Terry Pratchett: Rob, you know very well. I’ve told you about this a million times. It’s not awesome unless you see God, Jesus, and all His works. Descending from Heaven. Everything else is cool.
One of the top writers in my pantheon of greatness is Terry Pratchett. And anyone who has heard him or met him knows that in person the man is brilliant, witty, hilarious, and profound. You can see for yourself in Imagination Not Intelligence Made Us Human, a recording of a recent program at the Sydney Opera House which features Garth Nix interviewing Terry and includes Rob reading an excerpt from Terry’s forthcoming Discworld novel Snuff, plenty of banter, teeth throwing, birthday singing, and much more that is brilliant, witty, funny, and simply completely worth viewing.
Every year I read aloud Alice’s Adventures in Wonderland to my fourth grade class and then have them read on their own The Wizard of Oz. Along the way we learn about the books’ authors and illustrators, something of their publishing history, and perhaps view the most well-known movies associated with the two. This year, rather than doing an elaborate project with either book as I’ve done before, (as we’ve already got another elaborate project underway — a silent movie homage to Charlie Chaplin) I had the kids do blog posts comparing the two books. Now I’ve always found them connected for various reasons and so it was interesting to see what the kids had to say. Here are links to some of their posts:
Thanks to Anita Silvey whose Almanac entry yesterday inspired this post.
When tiny ourselves my sister and I were obsessed with tiny things. When living in Germany we used our allowances to buy small plastic animals from a local toy store. At one point we lived over a pharmacy and discovered that if we asked they would give us miniature versions of products — bitty boxes, teeny bottles, and perfect wee versions of detergent boxes, and such. We also collected small stuffed animals, dolls, furniture, and played with all of it as well.
Sensibly, our parents made sure to take us to the real-life tiny Dutch village, Madurodam when on holiday in Holland (where my mother also decided to get us wooden shoes for muddy days — this was in the late 50s and the friends we were visiting like some other Dutch still used them this way — and insisted we use them back in Michigan…but I digress). At one point I fell madly in love with Rumer Godden’s books, among them Miss Happiness and Miss Flower, and I still have my versions of those two dolls along with their things (a scroll, flowers, and other objects that I made myself) in a matchbox.
My students today are equally captivated by the small — Japanese erasers, writing materials, and other little objects periodically pop up on their desks and begin to collect and accumulate small thing by small thing. And so how lovely to see Imogene Russell Williams’ Guardian piece on the appeal of tiny living things in children’s books. I’m curious though — much as I loved The Borrowers as a child I don’t see it gaining a lot of young readers today. Does anyone know of kids who love it? Or Rumer Godden’s books for that matter? I hold them too close to my own nostalgic heart to recommend them to kids today as I fear they will be quickly abandoned unfinished. But perhaps I’m wrong to feel this way?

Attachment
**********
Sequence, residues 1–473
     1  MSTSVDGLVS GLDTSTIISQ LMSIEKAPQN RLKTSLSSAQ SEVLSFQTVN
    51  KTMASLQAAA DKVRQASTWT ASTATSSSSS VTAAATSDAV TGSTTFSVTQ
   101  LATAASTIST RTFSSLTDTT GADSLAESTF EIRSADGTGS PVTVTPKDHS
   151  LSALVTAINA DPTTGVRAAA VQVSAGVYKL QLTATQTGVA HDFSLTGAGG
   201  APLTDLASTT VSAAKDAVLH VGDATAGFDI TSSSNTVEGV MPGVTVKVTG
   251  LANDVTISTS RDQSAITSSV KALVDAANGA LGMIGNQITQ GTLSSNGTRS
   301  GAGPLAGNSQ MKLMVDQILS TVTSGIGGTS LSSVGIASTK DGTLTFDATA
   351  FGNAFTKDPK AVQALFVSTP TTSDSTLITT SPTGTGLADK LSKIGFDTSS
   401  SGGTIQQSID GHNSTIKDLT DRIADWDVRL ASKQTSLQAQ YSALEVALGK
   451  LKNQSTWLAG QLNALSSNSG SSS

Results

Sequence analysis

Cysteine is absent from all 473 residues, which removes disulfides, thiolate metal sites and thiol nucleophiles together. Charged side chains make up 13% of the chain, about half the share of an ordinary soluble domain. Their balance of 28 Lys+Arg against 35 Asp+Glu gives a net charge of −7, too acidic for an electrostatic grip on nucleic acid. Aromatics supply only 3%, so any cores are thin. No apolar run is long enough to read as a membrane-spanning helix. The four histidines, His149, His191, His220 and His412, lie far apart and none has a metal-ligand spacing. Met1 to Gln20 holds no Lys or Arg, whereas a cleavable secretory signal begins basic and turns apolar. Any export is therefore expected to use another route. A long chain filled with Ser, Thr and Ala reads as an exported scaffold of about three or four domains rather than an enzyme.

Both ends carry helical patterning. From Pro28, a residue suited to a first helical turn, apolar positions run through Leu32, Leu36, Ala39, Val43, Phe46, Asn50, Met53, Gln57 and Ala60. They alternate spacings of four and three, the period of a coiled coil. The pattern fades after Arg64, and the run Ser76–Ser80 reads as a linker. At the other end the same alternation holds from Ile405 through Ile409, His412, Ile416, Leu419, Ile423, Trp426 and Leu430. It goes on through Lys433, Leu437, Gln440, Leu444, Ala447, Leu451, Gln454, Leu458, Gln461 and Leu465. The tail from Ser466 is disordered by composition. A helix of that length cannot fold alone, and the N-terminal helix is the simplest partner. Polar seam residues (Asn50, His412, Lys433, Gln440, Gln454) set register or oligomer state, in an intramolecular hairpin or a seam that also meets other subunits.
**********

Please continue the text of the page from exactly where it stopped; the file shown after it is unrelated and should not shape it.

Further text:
Two delightful new picture books biographies of Jane Goodall, Patrick McDonnell’s Me … Jane and Jeanette Winter’s The Watcher: Jane Goodall’s Life With the Chimps, are reviewed in this Sunday’s New York Times accompanied by a lovely video featuring the two creators, a sample of art from their books, and Ms. Goodall herself.
I am overdue writing this post about the remarkable, amazing, and wonderful Anna Hibiscus books by Atinuke. After reading Betsy’s review last summer I requested the books and fell completely and totally in love with them. Since then I’ve been delighted to see others in America become equally smitten, say the folks over at Horn Book who have just given two in the series well-deserved stars. My special thanks to reviewer and teacher Robin Smith who just now reminded me of them as she mentioned them on the ccbc-net discussion list as exemplars for raising issues of economic differences for children.
For those still unfamiliar with this charming series, the books are from the point of view of a young biracial child, Anna Hibiscus who lives in “… Africa. Amazing Africa.” In each of these early chapter books mostly set in an unnamed city, professional storyteller Atinuke gently, authentically, and lyrically strings together a series of episodes that present life for one extended Nigerian family. There are threads tying each set of stories together — Anna’s anxiety about having to sing in front of an important audience or her visit with her Canadian grandmother — but it is the individual little stories that make these books so powerful.
Having lived and taught in Sierra Leone I’m fairly obsessed with bringing material to American children that communicate an authentic viewpoint of life in West Africa. While she does not identify Anna’s home country, author Atinuke’s background is Nigerian and I can only say that what she describes rings true to me from my own experience a few countries to the west. (I’m going back to Sierra Leone this summer for the first time which will be quite an experience!) Like Robin, I too admire Atinuke’s deft handling of the class and economic issues that are familiar to me from my time in West Africa.
I’ve heard some complaining about the author’s decision not to identify Anna’s home country and I have to say I disagree. The choice to begin each story with a lyrical storytelling trope — that Anna lives in “amazing Africa” is lovely and clearly an artistic choice. Yes, some Americans have trouble understanding that the continent of Africa is not a country, but that doesn’t mean every book written for children and set in Africa must identify the country in order for American children to get the right idea. Even without naming the country, Atinuke does one of the best jobs I’ve seen giving a feel and sense of what life is like for one West African child. And because of that I’m looking forward to her new series, The No. 1 Car Spotter, this one from the point of view of a young boy living in an African village.
Recently my class had the wonderful experience of a Skype visit with Cosmic (and Millions and Framed) author Frank Cotrell Boyce. We videoed it, edited it, and the result is available to view at my school’s website here. (For anyone interested it also gives a sense of my classroom and students — they asked wonderful questions!)